He got into his Audi and stalked the city. Frustration mounted in his chest as no ideal prey caught his eye. A young man in a polo shirt, obviously drunk, piqued his interest. But only because his frustration and impatience made him sloppy. Everything about the boy screamed “privilege” and “nationwide manhunt” should he go missing. Clay forced himself to drive on.
Some targets were too easy. Homeless, passed out, and babbling incoherently to voices only they could hear. Such people went missing easily and often. But they gave him no satisfaction. He needed that perfect sweet spot of overlooked and uncared for, while still providing a challenge, a proper hunt. He needed the anticipation and the rush.
As the sun warmed the horizon and washed the almost full moon from the sky, he was forced to admit defeat. He drove toward home with sweaty, tense hands on the steering wheel.
That’s when he spotted her. Small, pale, stylish blue hair asymmetrically cut, a myriad of tattoos and piercings, heavy boots. She walked along the side of the road, her backpack so full the zippers looked precarious, and though she wore only jeans and a tank top in the autumn chill, she showed no signs of being cold. The thing inside him clicked. She was the one.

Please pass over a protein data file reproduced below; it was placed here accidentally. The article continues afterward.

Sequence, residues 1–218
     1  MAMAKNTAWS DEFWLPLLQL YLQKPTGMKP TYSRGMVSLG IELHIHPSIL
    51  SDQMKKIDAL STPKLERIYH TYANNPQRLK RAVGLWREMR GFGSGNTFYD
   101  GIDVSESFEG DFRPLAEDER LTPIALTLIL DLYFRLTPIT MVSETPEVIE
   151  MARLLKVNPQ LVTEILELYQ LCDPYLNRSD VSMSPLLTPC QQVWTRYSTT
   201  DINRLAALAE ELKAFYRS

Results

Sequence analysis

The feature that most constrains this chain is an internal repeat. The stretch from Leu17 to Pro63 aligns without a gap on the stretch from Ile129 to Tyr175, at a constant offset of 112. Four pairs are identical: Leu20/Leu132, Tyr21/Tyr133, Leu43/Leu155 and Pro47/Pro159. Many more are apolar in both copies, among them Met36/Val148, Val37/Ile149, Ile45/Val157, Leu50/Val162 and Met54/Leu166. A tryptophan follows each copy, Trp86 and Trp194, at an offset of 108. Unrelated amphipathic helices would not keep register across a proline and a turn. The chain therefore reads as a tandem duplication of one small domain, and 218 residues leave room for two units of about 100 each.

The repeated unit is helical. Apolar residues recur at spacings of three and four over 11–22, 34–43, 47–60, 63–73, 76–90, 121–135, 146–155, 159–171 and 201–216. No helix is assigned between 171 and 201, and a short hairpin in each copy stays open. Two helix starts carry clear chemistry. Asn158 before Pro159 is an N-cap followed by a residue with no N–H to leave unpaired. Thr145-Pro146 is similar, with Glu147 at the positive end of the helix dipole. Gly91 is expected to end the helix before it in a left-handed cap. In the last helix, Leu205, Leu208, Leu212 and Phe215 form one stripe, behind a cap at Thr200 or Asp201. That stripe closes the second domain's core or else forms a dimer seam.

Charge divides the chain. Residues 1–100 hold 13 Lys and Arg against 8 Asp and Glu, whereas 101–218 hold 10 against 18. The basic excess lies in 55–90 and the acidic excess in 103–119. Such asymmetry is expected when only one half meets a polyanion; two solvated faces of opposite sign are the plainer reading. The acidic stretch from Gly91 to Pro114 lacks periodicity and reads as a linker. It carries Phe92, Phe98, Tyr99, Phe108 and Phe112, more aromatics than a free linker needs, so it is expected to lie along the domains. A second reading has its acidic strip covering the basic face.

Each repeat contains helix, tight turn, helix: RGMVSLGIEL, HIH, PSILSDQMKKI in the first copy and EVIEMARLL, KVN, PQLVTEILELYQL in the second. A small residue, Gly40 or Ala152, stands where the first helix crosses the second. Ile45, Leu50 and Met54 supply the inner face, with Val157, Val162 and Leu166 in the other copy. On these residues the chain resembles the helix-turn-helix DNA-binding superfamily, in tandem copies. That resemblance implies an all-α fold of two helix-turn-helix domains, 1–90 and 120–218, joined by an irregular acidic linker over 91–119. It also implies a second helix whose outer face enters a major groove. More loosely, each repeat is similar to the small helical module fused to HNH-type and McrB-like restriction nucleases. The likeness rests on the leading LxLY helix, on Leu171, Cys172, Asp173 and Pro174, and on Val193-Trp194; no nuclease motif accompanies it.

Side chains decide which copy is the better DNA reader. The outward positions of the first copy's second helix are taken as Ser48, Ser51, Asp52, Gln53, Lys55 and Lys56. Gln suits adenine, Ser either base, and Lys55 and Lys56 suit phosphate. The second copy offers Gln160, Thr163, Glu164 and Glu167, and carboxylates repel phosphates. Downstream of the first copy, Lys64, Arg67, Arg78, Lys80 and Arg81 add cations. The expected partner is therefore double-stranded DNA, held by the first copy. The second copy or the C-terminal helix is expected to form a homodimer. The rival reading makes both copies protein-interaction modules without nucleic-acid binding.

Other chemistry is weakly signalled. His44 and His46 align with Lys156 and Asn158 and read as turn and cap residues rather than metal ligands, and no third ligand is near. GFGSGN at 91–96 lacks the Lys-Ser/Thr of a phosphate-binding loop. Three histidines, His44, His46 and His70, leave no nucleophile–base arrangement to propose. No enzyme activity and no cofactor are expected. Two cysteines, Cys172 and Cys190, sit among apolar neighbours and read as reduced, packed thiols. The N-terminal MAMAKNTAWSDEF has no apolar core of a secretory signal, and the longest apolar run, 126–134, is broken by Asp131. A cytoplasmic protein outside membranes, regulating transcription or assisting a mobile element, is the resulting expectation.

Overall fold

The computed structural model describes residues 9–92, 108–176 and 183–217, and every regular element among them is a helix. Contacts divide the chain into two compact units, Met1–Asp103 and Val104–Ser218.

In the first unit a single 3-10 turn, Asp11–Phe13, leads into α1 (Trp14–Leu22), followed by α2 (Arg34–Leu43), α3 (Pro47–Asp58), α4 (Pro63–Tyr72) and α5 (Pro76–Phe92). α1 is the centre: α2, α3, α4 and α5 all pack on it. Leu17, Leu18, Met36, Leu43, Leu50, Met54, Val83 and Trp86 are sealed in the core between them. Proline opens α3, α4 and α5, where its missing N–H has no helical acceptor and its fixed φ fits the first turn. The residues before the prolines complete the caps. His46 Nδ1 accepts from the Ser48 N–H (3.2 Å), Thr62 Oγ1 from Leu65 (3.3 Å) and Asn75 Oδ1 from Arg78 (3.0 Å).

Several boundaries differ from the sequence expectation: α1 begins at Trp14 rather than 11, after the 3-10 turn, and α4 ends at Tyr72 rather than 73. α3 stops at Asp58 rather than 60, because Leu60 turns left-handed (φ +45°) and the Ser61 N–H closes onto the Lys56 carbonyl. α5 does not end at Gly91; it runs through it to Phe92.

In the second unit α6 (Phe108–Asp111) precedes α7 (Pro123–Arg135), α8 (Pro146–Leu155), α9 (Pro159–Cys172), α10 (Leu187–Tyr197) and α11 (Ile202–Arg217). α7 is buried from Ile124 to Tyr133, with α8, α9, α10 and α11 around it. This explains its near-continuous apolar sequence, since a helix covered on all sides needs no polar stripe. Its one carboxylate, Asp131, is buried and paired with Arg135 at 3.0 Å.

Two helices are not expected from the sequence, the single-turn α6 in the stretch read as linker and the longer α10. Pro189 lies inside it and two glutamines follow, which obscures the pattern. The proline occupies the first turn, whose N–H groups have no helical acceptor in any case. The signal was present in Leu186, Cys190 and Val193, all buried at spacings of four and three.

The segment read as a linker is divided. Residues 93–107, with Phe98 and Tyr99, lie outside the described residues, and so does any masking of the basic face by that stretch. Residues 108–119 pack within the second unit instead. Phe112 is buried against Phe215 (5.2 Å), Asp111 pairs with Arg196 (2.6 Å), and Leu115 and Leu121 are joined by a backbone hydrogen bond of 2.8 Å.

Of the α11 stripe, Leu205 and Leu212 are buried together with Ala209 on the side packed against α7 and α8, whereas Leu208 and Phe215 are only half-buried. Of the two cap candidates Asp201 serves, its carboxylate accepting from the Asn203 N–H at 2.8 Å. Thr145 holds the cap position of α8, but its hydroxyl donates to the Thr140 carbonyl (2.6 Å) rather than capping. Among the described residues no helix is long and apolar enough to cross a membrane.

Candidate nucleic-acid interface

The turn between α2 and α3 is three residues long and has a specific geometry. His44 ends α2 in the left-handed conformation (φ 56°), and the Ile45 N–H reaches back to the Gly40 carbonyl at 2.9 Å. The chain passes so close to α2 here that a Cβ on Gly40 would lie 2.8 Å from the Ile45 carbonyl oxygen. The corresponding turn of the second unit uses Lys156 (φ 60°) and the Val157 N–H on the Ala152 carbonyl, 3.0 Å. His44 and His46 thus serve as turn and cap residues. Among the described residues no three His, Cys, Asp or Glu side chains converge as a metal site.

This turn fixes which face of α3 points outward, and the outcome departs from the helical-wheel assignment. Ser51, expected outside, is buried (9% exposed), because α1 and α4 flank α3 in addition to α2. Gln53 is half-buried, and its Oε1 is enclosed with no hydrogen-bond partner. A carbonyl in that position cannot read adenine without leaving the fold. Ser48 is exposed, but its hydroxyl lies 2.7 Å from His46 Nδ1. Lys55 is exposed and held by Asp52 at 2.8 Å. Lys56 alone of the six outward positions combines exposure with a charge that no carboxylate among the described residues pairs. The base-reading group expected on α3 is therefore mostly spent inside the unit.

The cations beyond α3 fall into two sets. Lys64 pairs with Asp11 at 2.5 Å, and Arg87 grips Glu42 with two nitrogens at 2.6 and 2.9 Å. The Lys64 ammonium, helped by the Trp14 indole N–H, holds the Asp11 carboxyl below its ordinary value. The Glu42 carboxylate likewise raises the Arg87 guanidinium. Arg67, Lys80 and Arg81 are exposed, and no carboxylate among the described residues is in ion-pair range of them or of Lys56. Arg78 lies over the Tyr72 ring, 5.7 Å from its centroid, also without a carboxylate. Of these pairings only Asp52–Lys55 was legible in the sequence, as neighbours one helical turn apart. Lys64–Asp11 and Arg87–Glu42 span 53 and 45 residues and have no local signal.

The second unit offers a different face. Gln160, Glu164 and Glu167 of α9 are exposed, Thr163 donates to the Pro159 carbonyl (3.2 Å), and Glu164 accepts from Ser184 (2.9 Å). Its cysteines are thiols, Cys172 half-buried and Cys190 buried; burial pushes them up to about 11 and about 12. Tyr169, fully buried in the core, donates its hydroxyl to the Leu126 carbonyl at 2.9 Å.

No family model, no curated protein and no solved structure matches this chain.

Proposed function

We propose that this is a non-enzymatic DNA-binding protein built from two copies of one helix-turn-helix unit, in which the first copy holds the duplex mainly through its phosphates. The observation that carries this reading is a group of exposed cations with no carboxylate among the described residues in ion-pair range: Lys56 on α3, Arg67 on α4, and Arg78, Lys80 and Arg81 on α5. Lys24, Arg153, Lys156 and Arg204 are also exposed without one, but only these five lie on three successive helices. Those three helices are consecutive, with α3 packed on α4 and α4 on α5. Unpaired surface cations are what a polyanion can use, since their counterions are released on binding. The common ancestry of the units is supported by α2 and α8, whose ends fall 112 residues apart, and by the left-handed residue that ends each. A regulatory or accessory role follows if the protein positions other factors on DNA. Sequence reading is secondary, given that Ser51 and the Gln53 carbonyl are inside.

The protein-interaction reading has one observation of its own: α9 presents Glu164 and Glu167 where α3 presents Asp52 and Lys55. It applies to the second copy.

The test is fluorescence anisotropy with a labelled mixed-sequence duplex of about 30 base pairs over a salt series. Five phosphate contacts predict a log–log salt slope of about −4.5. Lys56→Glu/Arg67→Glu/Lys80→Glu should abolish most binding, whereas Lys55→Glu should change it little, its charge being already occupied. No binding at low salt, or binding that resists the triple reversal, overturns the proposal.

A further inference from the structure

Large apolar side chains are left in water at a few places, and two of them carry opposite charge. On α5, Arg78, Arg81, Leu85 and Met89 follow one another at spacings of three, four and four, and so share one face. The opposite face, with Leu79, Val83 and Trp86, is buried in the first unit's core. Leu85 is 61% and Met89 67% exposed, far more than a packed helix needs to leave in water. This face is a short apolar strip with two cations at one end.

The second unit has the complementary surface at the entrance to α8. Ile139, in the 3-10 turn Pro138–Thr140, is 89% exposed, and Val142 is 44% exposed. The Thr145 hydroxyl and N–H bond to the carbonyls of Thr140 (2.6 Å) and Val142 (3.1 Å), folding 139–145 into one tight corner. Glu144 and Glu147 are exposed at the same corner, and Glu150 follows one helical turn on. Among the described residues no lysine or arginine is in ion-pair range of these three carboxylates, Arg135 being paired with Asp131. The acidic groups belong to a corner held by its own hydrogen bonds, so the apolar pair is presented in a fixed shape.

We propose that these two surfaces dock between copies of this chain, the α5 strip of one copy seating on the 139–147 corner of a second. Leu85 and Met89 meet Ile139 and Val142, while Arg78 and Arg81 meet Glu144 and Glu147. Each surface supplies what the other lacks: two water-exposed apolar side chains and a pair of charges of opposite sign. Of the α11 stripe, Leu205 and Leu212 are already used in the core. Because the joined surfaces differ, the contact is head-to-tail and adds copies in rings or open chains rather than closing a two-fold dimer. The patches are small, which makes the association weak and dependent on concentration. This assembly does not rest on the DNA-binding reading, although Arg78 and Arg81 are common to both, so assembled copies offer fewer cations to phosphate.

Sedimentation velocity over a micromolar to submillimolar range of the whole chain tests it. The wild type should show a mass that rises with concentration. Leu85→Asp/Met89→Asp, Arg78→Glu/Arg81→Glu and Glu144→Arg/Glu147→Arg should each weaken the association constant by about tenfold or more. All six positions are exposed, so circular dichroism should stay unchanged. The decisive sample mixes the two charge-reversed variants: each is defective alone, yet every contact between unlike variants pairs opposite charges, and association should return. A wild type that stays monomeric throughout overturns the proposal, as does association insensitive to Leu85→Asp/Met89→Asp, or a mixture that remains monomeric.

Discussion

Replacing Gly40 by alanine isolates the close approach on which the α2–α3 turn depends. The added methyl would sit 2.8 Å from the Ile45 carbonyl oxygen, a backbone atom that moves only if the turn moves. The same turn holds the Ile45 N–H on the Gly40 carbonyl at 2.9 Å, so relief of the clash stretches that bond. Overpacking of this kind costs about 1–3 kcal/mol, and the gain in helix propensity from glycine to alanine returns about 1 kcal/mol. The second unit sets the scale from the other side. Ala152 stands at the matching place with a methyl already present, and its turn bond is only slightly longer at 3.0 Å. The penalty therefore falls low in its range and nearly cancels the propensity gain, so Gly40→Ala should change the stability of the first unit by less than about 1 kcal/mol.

She saw his car and put out a thumb. Oh, this would be easy. Too easy? No, the obvious knife bulging from her pockets, the lean line of muscle in her arms, and the hard edge in her eyes told him she would fight. She would be easy to get in the car, but keeping her there would require skill. His heart didn’t speed up, didn’t race with excitement. In fact, he went perfectly, serenely quiet inside as he pulled up beside her.
“Where you headed?”
“Anywhere with a bus station.”
“I can manage that. Hop on in.”
She climbed into the car, her backpack clutched tight in her lap. Her skin, where it wasn’t covered in tattoos, was smooth and unblemished except for a raised, pink, ragged scar that stretched from the back of her neck to her shoulder and disappeared beneath her black tank top. He wondered how she got it and if it would make her more or less afraid of him when the time came.
“I’m Clay,” he said.